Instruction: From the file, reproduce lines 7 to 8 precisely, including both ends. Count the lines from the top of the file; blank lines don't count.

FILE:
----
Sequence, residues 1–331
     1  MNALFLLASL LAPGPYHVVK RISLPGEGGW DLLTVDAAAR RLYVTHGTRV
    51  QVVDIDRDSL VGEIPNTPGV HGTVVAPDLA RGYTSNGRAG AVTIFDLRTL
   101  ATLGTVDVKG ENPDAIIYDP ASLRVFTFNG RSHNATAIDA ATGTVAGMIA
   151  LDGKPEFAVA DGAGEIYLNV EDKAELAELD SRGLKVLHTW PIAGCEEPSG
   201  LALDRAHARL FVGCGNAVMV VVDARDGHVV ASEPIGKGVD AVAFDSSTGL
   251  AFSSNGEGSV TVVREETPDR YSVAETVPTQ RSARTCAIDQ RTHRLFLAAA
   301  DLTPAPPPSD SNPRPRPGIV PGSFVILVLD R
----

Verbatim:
   251  AFSSNGEGSV TVVREETPDR YSVAETVPTQ RSARTCAIDQ RTHRLFLAAA
   301  DLTPAPPPSD SNPRPRPGIV PGSFVILVLD R